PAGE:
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dc.contributor.authorBaddoo, N.
dc.contributor.authorHall, T.
dc.contributor.authorJagielska, D.
dc.identifier.citationBaddoo , N , Hall , T & Jagielska , D 2006 , ' Software developer motivation in a high maturity company: a case study ' , Software Process: Improvement and Practice , vol. 11 , no. 3 , pp. 219-228 .
dc.identifier.otherPURE: 87504
dc.identifier.otherPURE UUID: eb0da2ef-5fe0-4438-bdfe-a163c73b7a67
dc.identifier.otherdspace: 2299/2488
dc.identifier.otherScopus: 33745790492
dc.description‘The definitive version is available at '. Copyright John Wiley & Sons, Ltd. [Full text of this article is not available in the UHRA]
dc.description.abstractIn this article, we discuss the impact of software developer motivation on projects. Motivation has been reported to be an important determinant of productivity and quality of work in many industries. In this article, we explore specifically how motivation impacts on development work in software engineering. We describe work previously done to suggest that software developers may have a different profile of motivators to other professionals. We present data collected from nine developers working in a software organisation that has been assessed at CMM level 5. We find that the developers working in this high maturity development environment are highly motivated. We also report relationships between motivation and progress in development work and describe the impact of motivating factors on specific aspects of software development. Our main conclusion is that good software developers are proactive, flexible and adaptable, prepared to share knowledge with team and follow good practice, for example, documenting work. Also, and in particular reference to this high maturity company, good software developers are able to resolve complex problems, innovative and eager to try new technology. The biggest motivators to such performance in a high maturity organisation are pay and benefits, recognition and opportunities for achievement. These are closely followed by technically challenging work, job security and senior management support. Cost, time, product quality — in terms of reliability — and user satisfaction are all moderately good indicators of project success. User satisfaction, however, is the best indicator of all four as its importance assumes a temporal significance as a project progresses. Finally, we found that technical competency, interpersonal skills and adherence to good practices impact favourably on software project success. Copyright © 2006 John Wiley & Sons, Ltd.en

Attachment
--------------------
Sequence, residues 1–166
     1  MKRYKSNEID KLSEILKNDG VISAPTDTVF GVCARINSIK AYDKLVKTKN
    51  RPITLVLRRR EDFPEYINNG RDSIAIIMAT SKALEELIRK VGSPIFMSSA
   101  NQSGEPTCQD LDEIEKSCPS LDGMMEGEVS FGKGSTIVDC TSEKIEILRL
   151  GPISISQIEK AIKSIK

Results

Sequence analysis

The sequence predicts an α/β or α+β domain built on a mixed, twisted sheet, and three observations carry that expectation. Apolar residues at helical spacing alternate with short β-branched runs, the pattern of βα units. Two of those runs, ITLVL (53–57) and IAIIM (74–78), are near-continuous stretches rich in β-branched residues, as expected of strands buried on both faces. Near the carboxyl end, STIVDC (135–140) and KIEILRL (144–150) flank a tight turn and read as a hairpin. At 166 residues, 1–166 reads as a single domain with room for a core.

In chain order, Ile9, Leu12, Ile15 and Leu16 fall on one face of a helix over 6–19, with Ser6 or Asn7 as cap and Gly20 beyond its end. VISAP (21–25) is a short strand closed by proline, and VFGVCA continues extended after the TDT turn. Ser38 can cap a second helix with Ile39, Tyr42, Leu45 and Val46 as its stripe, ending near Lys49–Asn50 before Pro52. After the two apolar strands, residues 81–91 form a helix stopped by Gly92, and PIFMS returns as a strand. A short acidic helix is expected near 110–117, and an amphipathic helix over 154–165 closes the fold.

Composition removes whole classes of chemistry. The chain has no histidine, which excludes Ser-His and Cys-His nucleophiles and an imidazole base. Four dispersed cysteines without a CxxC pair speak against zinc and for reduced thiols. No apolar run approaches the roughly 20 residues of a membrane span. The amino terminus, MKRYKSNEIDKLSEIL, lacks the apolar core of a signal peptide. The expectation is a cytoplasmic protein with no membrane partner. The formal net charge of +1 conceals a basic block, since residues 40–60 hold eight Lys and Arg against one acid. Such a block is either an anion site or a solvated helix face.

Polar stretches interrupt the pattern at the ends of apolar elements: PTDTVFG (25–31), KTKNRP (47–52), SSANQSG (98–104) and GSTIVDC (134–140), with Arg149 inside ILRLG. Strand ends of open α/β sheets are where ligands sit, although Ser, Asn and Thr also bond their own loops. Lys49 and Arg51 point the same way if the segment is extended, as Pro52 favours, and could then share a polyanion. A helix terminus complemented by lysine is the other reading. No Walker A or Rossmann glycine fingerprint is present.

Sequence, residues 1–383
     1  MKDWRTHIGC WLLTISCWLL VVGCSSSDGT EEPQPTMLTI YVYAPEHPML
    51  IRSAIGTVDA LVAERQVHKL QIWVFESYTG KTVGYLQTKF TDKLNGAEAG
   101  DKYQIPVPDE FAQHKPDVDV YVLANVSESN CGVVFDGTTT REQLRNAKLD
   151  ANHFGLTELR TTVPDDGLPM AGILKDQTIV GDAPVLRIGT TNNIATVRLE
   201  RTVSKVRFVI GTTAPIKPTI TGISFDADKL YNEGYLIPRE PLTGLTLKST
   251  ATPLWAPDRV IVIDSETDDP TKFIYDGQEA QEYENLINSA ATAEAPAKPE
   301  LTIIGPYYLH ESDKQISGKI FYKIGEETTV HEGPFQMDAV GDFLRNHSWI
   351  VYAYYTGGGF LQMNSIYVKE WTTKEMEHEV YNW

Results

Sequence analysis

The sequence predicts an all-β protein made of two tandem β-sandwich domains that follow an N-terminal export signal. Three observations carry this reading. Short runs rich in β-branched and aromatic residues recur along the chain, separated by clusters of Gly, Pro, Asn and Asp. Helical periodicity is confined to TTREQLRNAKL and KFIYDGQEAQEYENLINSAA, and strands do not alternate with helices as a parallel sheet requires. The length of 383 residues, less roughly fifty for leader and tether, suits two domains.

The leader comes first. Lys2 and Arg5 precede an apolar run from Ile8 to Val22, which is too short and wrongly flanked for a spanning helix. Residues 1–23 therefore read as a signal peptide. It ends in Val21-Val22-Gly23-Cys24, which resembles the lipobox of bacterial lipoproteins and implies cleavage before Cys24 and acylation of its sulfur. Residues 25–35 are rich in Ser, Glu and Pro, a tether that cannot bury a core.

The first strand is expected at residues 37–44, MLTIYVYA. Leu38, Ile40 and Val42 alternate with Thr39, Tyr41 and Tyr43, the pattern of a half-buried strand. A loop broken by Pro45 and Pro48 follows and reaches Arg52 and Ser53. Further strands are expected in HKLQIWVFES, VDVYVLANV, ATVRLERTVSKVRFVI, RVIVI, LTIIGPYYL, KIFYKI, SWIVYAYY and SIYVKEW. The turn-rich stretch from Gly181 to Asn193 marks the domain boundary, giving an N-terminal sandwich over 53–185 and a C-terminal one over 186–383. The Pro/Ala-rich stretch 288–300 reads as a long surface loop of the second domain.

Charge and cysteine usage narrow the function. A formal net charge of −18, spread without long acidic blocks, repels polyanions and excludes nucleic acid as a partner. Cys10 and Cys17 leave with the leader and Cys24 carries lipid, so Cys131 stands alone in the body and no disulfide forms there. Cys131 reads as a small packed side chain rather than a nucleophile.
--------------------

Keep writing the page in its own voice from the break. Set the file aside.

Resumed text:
dc.relation.ispartofSoftware Process: Improvement and Practice
dc.titleSoftware developer motivation in a high maturity company: a case studyen
dc.contributor.institutionSchool of Computer Science
dc.contributor.institutionCentre for Computer Science and Informatics Research
dc.contributor.institutionDepartment of Computer Science
dc.contributor.institutionSchool of Physics, Engineering & Computer Science
dc.contributor.institutionScience & Technology Research Institute
dc.description.statusPeer reviewed
rioxxterms.typeJournal Article/Review

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